Pharmacies generally employ two types of professionals: Pharmacists and Pharmacy Technicians. While both are integral to a pharmacy’s performance, they represent two completely different approaches to careers in pharmacy. When deciding what career path is right for you personally, lots of factors come right into play. In this informative article, we will outline both of these careers in pharmacy so you can make a good choice!
Pharmacist- What is It?
Pharmacists are healthcare professionals that are responsible for dispensing prescription medications to patients. Typically, a pharmacist will fill prescriptions, check interactions of a patient’s prescriptions, instruct patients on proper usage of a medication, تحصیل داروسازی در فرانسه and oversee pharmacy technician, interns, and some other careers in pharmacy. Many pharmacists own or manage their very own pharmacy and tend to be more business minded. Some pharmacists work for pharmaceutical manufacturers, and are mixed up in creation of new medications. The median annual wage of pharmacists is great, punching in at $111,570 in May 2010, in line with the US Bureau of Labor Statistics.
Just how do I turn into a Pharmacist?
The path to being a pharmacist is unique- some graduate programs need a bachelor’s degree or four years of undergraduate experience, a Doctor of Pharmacy program requires less than two, as long as the right prerequisites are met, such as for instance courses in chemistry, anatomy, and biology (although some programs do need a bachelor’s degree). An entrance exam, called the Pharmacy College Admissions Test (PCAT), can also be required. Most programs will need about four years to complete, and graduates who want a more advanced pharmacist position will complete a one-two year residency program. Many pharmacists who carry on your can purchase their very own pharmacies will also acquire a master’s degree running a business administration (MBA). Graduates must pass two exams detailing pharmacy skills and pharmacy law to be able to attain circumstances license. While this technique might appear long, it takes care of with one of the very rewarding careers in pharmacy.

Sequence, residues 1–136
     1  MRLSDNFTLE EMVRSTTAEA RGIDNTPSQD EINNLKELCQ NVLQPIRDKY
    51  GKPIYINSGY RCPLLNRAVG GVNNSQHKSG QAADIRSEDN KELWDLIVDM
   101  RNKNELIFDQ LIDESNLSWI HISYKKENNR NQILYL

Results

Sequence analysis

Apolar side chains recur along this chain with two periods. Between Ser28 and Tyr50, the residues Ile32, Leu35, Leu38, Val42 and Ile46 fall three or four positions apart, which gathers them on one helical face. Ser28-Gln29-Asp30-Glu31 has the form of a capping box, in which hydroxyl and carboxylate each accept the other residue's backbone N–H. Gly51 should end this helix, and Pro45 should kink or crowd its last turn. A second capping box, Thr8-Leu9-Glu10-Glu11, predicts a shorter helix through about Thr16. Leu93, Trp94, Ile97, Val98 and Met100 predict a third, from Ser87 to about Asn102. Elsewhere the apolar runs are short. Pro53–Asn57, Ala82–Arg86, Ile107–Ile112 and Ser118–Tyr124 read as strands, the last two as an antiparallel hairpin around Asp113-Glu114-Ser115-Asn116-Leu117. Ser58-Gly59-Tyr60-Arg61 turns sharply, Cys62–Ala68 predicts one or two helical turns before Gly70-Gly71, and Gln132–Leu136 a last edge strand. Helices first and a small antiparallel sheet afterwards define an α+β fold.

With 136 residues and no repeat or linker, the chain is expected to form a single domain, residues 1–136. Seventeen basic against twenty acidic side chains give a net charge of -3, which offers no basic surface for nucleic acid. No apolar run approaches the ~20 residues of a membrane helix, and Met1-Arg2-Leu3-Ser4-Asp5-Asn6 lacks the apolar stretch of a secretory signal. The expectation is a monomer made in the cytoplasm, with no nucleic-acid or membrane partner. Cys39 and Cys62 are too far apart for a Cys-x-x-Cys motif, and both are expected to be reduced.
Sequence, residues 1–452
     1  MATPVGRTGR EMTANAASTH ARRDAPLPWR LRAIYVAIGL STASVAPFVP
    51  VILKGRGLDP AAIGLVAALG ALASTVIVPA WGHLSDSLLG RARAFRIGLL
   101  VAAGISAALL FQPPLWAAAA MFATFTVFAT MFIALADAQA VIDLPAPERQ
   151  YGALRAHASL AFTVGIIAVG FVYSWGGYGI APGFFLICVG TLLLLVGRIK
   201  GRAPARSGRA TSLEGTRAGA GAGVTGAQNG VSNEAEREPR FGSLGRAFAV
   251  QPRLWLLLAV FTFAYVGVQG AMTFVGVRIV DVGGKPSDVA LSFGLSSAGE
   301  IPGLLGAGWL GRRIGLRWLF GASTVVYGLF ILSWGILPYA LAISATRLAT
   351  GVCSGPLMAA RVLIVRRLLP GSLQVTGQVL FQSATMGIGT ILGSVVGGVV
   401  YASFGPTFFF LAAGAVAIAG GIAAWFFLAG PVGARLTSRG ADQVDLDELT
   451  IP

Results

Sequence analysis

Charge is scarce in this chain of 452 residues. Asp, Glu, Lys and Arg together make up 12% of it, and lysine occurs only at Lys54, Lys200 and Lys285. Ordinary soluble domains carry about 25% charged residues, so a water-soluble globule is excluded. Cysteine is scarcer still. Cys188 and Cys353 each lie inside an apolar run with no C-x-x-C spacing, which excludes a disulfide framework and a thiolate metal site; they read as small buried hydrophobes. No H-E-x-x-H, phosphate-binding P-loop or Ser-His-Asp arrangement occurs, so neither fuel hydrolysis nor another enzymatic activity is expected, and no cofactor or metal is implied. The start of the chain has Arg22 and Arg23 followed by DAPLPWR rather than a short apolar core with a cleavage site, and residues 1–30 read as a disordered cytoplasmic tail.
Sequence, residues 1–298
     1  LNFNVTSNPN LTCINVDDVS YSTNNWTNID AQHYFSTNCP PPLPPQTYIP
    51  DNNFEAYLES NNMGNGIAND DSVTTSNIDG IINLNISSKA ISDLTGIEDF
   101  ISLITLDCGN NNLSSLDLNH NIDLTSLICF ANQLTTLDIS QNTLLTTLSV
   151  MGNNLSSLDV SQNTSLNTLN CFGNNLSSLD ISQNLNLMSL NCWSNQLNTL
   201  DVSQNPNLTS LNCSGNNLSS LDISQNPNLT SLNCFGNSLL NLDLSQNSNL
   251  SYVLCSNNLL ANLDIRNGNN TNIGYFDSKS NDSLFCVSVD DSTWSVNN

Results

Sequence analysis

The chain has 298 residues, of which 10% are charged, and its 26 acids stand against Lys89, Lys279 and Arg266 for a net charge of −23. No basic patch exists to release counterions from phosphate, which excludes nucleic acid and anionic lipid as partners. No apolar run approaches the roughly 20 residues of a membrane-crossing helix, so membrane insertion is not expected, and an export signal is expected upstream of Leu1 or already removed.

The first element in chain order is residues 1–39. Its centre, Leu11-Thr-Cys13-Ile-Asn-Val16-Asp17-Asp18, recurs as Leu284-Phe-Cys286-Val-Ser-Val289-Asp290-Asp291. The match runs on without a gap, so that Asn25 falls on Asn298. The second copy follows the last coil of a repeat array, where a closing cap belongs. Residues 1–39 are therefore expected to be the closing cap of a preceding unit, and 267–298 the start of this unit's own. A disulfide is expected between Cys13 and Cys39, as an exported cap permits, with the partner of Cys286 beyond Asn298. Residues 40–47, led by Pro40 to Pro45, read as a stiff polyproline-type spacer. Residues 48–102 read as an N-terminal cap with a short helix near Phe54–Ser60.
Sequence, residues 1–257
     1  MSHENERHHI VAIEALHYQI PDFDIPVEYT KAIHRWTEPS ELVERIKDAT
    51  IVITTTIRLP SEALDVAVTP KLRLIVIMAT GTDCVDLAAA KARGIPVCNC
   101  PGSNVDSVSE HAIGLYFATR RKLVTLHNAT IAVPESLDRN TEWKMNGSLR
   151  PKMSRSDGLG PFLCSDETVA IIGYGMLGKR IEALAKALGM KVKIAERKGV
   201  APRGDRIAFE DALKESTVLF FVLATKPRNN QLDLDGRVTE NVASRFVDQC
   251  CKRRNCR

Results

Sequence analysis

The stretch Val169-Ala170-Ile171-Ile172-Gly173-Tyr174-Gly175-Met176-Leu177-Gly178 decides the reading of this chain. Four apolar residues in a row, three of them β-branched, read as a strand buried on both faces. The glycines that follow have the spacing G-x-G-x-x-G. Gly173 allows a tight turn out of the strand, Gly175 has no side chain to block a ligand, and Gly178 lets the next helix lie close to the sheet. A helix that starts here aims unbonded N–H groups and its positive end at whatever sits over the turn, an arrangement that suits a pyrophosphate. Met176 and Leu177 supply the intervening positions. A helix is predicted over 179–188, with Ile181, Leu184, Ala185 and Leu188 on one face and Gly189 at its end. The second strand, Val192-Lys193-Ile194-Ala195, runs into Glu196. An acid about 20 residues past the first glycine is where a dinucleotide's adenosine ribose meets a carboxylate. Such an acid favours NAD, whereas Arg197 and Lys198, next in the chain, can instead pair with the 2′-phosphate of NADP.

Pharmacy Technician- What is It?
Pharmacy (or pharmaceutical) technicians help pharmacists dispense prescription medications to patients. They will usually be those measuring out prescriptions, compounding medications like ointments, packaging and labeling pharmaceuticals, and performing routine tasks like answering phones and filling forms. The pharmacy technician works beneath the supervision of the pharmacist- if the consumer has questions about medications or health, the pharmacy technician will arrange for the consumer to talk with the pharmacist, as she or he is the more trained of both careers in pharmacy. Technicians will need to have great customer care skills, organizational skills, and be detail oriented. The median annual wage of a pharmacy technician was $28,400 in May 2010, in line with the US Bureau of Labor Statistics.
Just how do I turn into a Pharmacy Technician?
Learning to be a pharmacy technician provides the simpler process of both careers in pharmacy. Each technician will need to have a senior school diploma or equivalent and pass an exam or complete an official training program, with respect to the state. Many pharmacy technicians will learn their skills on-site, but some will attend vocational schools or community colleges to complete programs in pharmacy technology. These programs detail arithmetic, pharmacy law and ethics, and record keeping. This path allows for the quickest work straight out of senior school for graduates pondering one of many careers in pharmacy.